Scattered Strong to Severe Storms Possible on Field Day Weekend, June 27-28, 2020

SKYWARN logoRob Macedo, KD1CY, writes:
Need to keep an eye on the severe weather potential for the entire timeframe of Field Day Weekend but especially the Saturday Afternoon/Evening timeframe and the Sunday Afternoon/evening timeframe. While we don’t have many “traditional” Field Day sites setup, there are a few and also those that have home station field setups that will want to monitor the severe weather potential. I’ll be updating the Amateur Radio Field Day/Severe Weather Coordination Message in the next couple of hours. I’ve elected to copy EMA ARRL Staff for their awareness as well.
Rob M.
———- Forwarded message ———
From: BOX Operations – NOAA Service Account <>
Date: Fri, Jun 26, 2020 at 2:31 PM
Subject: [2020-06-26 PM] NWS Boston EM Briefing – Scattered Strong to Severe Storms Possible This Weekend
Good afternoon everyone, 
Severe thunderstorms are possible Saturday and Sunday across parts of Southern New England. With the weekend ahead of us, we wanted to get this heads-up e-mail out early for your awareness.
Rain during the first part of the day gives way to thunderstorms in the afternoon and early evening.
Timing: Mid-afternoon to early Saturday evening.
Locations: Possible anywhere, but the best chance is near and south of the Massachusetts Turnpike/I-90. 
Severe Thunderstorm Threats: Primarily damaging straight-line winds and hail up to 1″ in diameter. While the overall risk is very low, an isolated tornado is possible.
Confidence: Moderate. How much Southern New England can warm up will greatly impact the severe thunderstorm potential.
The severe thunderstorm outlook for Saturday from the Storm Prediction Center is highlighted below:
New England weather map prediction for June 27, 2020
A few severe thunderstorms are possible later in the day Sunday ahead of a cold front.
Timing: Best chance is late-afternoon to mid-evening Sunday; isolated storms possible between early to mid-afternoon.
Locations: Possible anywhere, but the best chance is western and central Massachusetts, northern Rhode Island and much of northern Connecticut.
Severe Thunderstorm Threats: Damaging straight-line winds and hail up to 1″ in diameter.
Confidence: Moderate. Isolated strong/severe storms could be possible before late in the day but the best chance is with the cold front arriving later in the day into mid-evening.
The severe thunderstorm outlook for Sunday is highlighted below:
New England weather prediction map for June 28, 2020
Thank You!
Meteorologists Andrew Loconto and Rodney Chai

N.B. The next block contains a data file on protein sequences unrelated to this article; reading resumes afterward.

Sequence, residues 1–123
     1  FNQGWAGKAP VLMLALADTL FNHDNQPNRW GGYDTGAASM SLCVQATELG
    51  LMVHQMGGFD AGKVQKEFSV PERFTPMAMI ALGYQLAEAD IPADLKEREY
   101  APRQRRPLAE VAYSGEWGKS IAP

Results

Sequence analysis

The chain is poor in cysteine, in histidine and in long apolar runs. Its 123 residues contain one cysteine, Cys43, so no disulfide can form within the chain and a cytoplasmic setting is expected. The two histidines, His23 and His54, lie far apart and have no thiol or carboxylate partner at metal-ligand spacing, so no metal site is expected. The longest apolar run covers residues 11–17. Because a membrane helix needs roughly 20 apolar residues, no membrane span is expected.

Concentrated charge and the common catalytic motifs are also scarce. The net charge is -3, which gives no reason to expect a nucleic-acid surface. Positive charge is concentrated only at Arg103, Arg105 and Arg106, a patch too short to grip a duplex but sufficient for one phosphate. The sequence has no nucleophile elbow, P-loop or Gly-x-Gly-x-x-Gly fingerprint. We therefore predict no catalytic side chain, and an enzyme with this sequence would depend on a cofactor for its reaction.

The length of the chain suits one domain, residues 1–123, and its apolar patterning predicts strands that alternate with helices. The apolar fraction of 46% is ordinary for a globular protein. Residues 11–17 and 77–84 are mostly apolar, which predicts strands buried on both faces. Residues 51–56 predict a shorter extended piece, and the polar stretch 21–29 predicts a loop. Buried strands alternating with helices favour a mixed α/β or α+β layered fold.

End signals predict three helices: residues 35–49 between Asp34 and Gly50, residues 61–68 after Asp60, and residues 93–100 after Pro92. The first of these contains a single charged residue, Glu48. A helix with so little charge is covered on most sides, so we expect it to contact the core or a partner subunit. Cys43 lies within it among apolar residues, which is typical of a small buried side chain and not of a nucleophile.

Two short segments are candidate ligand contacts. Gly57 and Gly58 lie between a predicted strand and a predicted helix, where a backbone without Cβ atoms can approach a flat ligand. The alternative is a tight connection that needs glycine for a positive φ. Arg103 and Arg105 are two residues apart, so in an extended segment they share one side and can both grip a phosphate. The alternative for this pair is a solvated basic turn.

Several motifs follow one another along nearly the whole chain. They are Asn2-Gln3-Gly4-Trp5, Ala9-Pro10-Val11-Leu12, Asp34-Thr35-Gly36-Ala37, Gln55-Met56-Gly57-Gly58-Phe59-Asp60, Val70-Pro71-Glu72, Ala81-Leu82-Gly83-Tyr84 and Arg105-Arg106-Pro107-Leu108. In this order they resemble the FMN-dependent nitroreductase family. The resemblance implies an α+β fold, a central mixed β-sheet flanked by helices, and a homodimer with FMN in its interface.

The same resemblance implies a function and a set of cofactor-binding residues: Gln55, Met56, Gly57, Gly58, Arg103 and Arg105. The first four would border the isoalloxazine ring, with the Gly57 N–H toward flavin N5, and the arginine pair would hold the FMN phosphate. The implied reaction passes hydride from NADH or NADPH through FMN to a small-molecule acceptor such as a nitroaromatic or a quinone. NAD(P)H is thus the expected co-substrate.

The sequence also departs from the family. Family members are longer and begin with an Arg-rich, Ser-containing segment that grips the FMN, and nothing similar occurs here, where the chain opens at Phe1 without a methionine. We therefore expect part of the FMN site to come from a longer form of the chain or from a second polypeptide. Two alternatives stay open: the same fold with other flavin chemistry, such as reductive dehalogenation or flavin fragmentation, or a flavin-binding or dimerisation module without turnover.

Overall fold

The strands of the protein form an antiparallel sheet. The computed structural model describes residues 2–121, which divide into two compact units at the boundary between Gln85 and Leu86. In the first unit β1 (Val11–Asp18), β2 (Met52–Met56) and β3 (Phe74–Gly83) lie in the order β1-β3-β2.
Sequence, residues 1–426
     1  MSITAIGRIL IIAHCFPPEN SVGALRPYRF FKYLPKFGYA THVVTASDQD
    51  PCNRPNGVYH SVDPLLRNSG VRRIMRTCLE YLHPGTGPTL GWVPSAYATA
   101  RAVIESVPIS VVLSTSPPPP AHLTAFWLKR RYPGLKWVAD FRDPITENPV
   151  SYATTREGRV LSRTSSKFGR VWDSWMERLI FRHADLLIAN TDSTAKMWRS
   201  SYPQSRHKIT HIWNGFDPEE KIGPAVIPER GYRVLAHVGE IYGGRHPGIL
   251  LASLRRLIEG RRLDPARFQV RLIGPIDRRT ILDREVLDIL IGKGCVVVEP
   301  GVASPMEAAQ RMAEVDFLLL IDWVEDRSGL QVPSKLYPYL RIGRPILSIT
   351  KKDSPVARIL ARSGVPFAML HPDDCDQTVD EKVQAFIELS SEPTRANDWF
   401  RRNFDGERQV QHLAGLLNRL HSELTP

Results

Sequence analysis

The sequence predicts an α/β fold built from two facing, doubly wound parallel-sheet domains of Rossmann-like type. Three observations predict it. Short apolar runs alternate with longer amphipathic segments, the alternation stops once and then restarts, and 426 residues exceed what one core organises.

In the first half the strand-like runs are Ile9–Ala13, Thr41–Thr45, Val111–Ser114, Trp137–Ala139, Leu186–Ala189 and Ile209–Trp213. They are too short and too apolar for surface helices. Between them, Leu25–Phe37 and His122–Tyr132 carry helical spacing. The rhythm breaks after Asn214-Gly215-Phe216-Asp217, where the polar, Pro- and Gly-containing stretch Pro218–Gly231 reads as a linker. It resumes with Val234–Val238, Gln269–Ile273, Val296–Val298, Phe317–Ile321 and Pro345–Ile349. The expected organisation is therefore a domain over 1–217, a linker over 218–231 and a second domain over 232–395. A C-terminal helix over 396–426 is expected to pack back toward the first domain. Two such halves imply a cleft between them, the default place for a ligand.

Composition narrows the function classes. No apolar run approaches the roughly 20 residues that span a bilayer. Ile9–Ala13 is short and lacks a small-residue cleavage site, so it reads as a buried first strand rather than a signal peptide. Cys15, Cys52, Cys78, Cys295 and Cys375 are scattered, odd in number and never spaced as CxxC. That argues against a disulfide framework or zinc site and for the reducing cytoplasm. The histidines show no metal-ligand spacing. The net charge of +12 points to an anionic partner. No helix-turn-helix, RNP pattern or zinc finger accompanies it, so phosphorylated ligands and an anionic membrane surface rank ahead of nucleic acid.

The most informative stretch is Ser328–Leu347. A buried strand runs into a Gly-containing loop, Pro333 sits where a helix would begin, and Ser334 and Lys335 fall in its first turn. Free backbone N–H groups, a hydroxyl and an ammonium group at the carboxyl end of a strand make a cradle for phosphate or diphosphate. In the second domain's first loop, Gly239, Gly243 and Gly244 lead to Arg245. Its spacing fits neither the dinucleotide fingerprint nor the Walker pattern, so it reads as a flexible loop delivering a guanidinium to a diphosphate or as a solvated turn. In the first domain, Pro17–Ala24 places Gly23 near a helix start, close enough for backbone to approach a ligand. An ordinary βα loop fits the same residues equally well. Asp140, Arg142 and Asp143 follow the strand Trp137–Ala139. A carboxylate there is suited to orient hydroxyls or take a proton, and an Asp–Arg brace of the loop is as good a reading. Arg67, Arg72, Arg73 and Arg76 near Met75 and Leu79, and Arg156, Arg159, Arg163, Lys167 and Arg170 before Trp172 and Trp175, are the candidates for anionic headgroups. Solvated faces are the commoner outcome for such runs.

If you have any questions or would like more information, don’t hesitate to contact us via this email address, on NWSChat, or at the following:

National Weather Service Boston/Norton, MA
46 Commerce Way

Norton, MA 02766


Field Day Listings on

Bill Ricker, N1VUX, writes:

I have created a non-place Site for FD@Home cumulative scoring in the FD Directory  (geographic coordinates in Boston Harbor but not on an island; county=mixed, same as “Nowhere”; it will get the Harbor forecast, oops).

It currently shows these clubs:
Middlesex/Zola and MITLL are listed because they’re tied to the club they went with last year; i maybe should break those links. :-/
WARS and K1USN seemed to be discussing, but i don’t feel we had them confirmed.
Sites I’m still carrying as MAYBE operational in the field
ClubKey   SiteKey
NARC      1B9    
AARC      8MA4    
Crow      8MA4    
WARS      NeedWMPk
PilAWA    SwanFD  
  • Only AARC/Crow have been heard from discussing lately.
  • CAARA website says FD is still on, but No COVID-19 precautions noted, so suspected stale.
    (FB has no posts since October!) Lists
  • NSRA says NO FD. Do they have FD@Home plans?
  • K1USN having Zoom meeting 6/23 to discuss FD. presume FD@home. Site closed per website.
  • Sturdy FD@Home confirmed from minutes; 
    minutes also reports Will N1DPY/SK (Cancer) May 2d or 3d
    Nice new website!
  • Whitman – FD not on Calendar. Common scoring in minutes, so confirmed.
  • WARS – Wellesley had an eMeeting to discuss FD last week. Decision?
  • Pilgrim AWA – i presume they don’t have their site, but are they doing FD@Home or ??
  • NARC could use their locked airport bunker, i suppose, so IDK, maybe, don’t care.
Sites carried as CONFIRMED and not FD@Home
ClubKey       SiteKey        Locator  Highlight          
NEARC         4thCliff       true     non-public 2020    
BEMA          BEMALake       true     kc1kwc            
NVARC         PepperellOrch  true     reduced            
ng0at         ema            true     CT club on cape    
SEMARA        wa1bxy         false    3D/3E              
QRA           wa1qzk         true     2020 3E            
MiddletonEMA  wa1qzk         false    2020 3E            
n1wm          wma            true     NoBARC Windsor MA  
w1ddd         wma            true     BlackstoneVARC@NA1Q
Total: 9   
  • NEARC @ Fourth Cliff – campground is CLOSED but caretaker in residence so they’re rolling.
  • Braintree EMA put a pin on the map recently, so they’re on at their alternate control point on the lake.
  • NG0AT, N1WM, W1DDD are non-mapping entries, to reconcile HQ Locator count.
  • Ron’s QRA/M’ton EMA 3E home op we got emails on, and is on HQ Locator.
  • NVARC has pin on HQ Locator. They spoke about having a small setup in Orchard plus FD@Home ? Are both still on?